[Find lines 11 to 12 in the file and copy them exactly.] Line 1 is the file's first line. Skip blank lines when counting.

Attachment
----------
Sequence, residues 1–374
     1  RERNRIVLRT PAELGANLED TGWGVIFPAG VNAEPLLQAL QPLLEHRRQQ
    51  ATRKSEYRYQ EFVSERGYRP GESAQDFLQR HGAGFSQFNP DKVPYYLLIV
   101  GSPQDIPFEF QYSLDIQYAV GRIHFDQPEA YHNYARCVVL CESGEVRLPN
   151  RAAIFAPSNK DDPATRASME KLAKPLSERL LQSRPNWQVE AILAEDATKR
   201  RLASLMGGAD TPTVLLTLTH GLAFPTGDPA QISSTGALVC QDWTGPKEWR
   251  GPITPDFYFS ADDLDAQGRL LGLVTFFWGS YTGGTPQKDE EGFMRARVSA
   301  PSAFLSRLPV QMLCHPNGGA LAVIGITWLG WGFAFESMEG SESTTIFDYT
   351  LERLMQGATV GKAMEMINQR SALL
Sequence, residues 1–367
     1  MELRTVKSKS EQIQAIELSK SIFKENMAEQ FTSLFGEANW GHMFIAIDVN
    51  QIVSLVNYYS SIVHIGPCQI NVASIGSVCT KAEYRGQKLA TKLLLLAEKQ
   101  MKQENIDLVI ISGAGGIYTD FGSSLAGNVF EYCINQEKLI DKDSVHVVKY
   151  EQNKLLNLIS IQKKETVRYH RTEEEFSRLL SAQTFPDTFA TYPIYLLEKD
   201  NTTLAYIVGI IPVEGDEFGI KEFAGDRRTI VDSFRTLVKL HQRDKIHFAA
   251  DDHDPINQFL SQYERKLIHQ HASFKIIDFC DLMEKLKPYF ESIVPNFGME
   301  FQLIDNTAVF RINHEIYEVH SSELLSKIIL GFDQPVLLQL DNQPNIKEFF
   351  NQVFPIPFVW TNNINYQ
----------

     1  MELRTVKSKS EQIQAIELSK SIFKENMAEQ FTSLFGEANW GHMFIAIDVN
    51  QIVSLVNYYS SIVHIGPCQI NVASIGSVCT KAEYRGQKLA TKLLLLAEKQ